Eyes in the sky–and the brush, trees, and water
Solitude awaits in one of Pennsylvania’s fine forests. But really, are you ever truly alone? Not exactly. Birds, deer, elk, fox, turtles, salamanders, even the fish in the creeks, are out there doing their thing and living their wild lives. Be still. Be quiet. Watch and wait. With a little luck, and if you place yourself in the right place at the right time, you’ll spot elk or the majestic bald eagle, two great conservation pieces for your return.
An elk herd again roams northern Pennsylvania after a century of re-introduction and careful management, and the bald eagle breeding population now numbers about 260 pairs. Their nests are common along the main stem and north branch of the Susquehanna River. The bird-watching thrills continue on Pennsylvania’s ridgetops, perfect for watching hawks ride the winds during their fall migration, and in the pitch-black woods at night, listening for owls. At daybreak, look and listen for some of Pennsylvania’s 375 species of songbirds.
White-tailed deer and black bears abound in the thick forests and are fascinating to watch. Black bears shuffle, flat-footed, but can move when they must. They can sprint at 30 mph, easily climb, and swim well. Most will run away from people – but be wary of a mama with cubs. In the spring, watch carefully for the white-spotted coats of fawns. The protective camouflage of newly born deer look just like the sun hitting the ground after it passes through the treetops. Nature never ceases to amaze.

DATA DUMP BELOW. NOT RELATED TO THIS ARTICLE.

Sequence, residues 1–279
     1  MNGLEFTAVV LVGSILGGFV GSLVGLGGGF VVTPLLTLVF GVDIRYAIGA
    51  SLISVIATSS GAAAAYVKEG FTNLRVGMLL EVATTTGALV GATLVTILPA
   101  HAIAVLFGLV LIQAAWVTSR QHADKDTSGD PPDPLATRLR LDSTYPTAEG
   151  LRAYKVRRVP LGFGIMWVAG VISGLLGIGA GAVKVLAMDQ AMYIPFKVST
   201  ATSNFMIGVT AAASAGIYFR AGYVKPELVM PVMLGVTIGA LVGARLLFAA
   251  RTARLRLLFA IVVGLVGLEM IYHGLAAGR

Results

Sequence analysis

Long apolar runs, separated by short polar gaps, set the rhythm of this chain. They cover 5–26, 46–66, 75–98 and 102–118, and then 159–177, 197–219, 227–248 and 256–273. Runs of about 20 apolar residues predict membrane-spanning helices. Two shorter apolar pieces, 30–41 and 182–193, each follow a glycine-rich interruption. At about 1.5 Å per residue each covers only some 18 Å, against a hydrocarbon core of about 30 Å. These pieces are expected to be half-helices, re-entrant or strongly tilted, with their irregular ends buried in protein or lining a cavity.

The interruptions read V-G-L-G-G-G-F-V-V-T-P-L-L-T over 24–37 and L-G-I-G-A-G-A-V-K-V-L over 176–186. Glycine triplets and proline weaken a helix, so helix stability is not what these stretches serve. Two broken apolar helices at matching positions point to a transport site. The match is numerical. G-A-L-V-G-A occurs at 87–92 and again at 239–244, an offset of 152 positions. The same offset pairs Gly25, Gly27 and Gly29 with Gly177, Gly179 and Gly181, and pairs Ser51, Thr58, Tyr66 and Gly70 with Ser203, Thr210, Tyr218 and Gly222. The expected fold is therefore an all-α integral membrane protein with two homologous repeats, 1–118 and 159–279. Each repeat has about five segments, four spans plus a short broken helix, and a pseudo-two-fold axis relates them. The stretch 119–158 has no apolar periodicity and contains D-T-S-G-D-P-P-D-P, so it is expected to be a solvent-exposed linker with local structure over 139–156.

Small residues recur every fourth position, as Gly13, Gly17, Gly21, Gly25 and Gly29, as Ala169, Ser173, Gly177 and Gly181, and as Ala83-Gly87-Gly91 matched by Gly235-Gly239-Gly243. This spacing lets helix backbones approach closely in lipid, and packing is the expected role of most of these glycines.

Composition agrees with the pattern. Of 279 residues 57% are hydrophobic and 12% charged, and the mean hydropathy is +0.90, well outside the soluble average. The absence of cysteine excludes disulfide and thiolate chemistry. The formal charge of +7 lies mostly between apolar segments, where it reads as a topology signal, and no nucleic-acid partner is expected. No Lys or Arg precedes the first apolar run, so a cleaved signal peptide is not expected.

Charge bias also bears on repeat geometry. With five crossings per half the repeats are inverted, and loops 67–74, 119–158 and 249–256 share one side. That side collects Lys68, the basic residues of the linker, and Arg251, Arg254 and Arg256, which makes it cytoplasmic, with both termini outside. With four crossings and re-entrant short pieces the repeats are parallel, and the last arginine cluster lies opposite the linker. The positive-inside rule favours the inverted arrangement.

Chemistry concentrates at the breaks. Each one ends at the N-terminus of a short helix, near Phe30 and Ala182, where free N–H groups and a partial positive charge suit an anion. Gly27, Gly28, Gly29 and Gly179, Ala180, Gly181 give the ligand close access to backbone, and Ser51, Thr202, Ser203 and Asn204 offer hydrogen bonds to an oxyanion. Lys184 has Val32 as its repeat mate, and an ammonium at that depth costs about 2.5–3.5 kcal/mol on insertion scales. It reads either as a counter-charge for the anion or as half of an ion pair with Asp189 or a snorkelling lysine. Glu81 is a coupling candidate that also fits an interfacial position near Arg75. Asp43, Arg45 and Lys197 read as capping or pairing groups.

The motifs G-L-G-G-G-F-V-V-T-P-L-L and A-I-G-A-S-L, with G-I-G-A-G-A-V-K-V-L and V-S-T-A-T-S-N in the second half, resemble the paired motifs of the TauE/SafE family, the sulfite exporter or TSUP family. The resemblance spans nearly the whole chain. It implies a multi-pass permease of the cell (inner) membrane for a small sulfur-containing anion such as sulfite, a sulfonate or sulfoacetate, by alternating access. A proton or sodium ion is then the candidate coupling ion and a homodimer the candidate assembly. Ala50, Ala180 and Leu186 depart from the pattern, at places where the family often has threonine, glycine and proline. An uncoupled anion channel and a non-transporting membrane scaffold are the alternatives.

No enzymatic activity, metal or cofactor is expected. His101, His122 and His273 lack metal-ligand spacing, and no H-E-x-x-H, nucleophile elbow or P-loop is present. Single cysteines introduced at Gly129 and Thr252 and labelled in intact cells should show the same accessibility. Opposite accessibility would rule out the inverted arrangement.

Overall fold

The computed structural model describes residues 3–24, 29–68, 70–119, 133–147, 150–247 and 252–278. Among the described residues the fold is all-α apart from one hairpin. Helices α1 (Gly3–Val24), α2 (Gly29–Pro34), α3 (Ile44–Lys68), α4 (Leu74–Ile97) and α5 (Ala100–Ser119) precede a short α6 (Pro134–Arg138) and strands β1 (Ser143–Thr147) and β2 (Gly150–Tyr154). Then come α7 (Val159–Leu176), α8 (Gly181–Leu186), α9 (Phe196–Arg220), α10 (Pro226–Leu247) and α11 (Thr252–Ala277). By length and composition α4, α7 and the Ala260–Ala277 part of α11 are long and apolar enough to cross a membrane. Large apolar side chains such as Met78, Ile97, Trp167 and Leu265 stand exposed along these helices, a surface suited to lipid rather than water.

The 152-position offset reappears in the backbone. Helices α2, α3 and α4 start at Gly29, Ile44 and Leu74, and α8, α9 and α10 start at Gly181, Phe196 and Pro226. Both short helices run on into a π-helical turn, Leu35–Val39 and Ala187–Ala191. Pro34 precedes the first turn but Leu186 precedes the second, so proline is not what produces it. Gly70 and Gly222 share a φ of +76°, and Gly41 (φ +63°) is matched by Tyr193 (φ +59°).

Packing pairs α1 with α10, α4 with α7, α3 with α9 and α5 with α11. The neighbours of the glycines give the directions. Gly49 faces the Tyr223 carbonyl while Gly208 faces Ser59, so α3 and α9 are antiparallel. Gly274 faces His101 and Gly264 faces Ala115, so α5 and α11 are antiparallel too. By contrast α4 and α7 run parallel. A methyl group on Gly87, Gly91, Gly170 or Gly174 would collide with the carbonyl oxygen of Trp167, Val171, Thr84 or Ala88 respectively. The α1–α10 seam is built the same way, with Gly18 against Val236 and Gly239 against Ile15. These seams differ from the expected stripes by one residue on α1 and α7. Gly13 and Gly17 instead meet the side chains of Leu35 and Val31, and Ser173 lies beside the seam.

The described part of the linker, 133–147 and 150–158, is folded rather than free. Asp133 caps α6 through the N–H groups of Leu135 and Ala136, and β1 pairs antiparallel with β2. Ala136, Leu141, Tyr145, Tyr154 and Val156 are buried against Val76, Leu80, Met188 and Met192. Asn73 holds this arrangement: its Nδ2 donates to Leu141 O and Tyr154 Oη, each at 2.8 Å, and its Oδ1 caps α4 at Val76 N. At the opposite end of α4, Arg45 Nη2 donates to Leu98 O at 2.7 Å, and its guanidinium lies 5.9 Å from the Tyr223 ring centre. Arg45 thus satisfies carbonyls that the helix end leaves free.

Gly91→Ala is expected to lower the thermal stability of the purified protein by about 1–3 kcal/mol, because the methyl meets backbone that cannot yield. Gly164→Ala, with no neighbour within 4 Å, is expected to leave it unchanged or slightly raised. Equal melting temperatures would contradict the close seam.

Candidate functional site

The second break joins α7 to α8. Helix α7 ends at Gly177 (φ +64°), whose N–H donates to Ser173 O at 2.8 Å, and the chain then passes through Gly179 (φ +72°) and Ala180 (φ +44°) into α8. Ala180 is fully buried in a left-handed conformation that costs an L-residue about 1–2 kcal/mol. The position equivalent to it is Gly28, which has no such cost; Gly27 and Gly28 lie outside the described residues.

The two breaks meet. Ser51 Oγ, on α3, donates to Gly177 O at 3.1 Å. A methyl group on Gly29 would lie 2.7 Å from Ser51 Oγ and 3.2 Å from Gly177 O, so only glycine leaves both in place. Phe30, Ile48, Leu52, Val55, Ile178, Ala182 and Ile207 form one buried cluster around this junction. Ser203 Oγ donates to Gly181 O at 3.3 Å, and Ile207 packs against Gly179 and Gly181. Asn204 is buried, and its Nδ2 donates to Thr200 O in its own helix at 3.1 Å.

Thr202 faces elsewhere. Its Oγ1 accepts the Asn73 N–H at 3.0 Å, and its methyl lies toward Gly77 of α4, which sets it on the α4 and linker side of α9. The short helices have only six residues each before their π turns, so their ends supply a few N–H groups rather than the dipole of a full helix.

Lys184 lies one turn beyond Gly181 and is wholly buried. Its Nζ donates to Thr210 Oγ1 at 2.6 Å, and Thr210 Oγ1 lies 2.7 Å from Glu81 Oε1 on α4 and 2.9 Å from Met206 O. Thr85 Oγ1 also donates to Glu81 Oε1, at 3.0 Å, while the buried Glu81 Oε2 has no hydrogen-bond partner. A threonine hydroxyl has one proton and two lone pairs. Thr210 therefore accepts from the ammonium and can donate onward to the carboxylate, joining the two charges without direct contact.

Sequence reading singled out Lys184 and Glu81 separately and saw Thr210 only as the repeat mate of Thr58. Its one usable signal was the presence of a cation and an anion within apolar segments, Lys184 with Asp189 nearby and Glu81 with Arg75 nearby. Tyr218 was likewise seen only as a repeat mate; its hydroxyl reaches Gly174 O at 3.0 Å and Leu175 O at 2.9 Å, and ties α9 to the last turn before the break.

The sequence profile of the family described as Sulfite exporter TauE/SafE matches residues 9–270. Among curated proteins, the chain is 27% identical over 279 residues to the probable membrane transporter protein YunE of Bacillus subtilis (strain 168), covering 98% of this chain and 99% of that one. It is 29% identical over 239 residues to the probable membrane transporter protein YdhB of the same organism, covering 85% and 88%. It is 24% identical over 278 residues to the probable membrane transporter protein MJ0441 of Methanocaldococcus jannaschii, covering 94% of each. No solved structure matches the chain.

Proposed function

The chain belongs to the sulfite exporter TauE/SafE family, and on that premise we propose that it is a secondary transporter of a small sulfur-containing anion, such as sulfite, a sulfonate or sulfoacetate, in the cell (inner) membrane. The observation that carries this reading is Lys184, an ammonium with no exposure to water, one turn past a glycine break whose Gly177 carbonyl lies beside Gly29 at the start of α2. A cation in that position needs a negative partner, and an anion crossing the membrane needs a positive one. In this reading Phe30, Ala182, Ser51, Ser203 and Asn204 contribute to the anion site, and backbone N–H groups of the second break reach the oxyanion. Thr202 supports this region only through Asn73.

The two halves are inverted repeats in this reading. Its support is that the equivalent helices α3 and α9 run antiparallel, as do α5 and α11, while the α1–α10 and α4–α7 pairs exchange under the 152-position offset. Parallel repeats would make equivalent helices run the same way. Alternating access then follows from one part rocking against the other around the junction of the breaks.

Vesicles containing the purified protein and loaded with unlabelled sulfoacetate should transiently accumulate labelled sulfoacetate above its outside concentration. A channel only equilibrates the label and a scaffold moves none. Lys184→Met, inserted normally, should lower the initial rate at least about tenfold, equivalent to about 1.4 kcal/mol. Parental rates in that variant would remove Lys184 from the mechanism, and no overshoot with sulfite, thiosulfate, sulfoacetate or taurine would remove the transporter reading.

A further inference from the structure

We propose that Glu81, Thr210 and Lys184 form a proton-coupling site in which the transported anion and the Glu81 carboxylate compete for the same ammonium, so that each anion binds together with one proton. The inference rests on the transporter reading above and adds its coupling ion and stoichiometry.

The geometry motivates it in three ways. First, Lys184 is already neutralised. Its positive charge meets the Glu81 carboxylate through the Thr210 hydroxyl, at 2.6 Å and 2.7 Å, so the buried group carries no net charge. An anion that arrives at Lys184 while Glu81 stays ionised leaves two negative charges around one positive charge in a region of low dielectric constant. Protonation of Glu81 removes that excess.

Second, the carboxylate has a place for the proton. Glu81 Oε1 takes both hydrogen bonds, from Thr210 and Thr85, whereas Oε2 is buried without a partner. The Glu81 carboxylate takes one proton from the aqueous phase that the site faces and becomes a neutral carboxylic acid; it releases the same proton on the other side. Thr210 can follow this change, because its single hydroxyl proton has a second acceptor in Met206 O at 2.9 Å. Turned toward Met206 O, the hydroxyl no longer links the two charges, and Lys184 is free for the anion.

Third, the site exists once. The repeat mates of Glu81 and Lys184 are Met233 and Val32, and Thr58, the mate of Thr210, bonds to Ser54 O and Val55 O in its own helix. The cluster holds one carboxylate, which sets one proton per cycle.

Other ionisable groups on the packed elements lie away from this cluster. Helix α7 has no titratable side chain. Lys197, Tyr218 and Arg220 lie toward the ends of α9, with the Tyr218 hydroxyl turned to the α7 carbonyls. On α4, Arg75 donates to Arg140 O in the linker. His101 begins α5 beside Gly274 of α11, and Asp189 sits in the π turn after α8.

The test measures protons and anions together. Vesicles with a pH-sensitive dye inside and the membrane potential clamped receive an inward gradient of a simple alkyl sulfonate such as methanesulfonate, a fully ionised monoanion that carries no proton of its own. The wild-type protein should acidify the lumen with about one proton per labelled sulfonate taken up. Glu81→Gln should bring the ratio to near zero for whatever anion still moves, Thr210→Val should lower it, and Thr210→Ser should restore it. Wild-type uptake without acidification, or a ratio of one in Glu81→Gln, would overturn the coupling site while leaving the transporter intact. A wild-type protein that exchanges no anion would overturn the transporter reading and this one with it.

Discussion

WHERE THE WILD THINGS ARE
The new Wildlife Center at Sinnemahoning State Park is perfect for observing wildlife in all seasons: bears, eagles, otters, and a small elk population.
From the 16-room green-certified Nature Inn at Bald Eagle State Park, watch bald eagles nesting across the lake.
The observation deck at Fort Washington State Park is popular for watching the fall migration of 16 raptor species like hawks and eagles.
Deer, wild turkeys, grouse, raccoons, porcupines, black bears, and bobcats roam the 262,000-acre Susquehannock State Forest.
Middle Creek Wildlife Management Area is known for having tens of thousands of snow geese and hundreds of tundra swans in February and March. You can also view bald eagles, harriers, short-eared owls, and a plethora of migrating ducks.
In the spring, watch warblers at the Tall Timbers Natural Area in Bald Eagle State Forest.
Spot unique birds, such as the piping plovers, purple martins, and snowy owls, as they stop to feed and rest on their migration across Lake Erie at Presque Isle State Park, one of the country’s top birding spots due its spot on the Atlantic Flyway.
Nesting bald eagles, songbirds, herons, and otters are the stars at Little Pine State Park, along with migrating loons, snow goose, and raptors during the fall migration.
The fish are so plentiful the “ducks walk” on their backs to snatch food from visitors at Linesville spillway at Pymatuning State Park, also known for diverse fish and waterfowl species including sand hill cranes.
Butterflies flutter at the blooming prairie at Jennings Environmental Education Center, home to 20 acres of prairie plants and the endangered massasauga rattlesnake.
Clear springs and small streams from the surrounding bogs feed the 250-acre lake at Black Moshannon State Park, making this a waterfowl haven.
Find places to watch wildlife in Pennsylvania.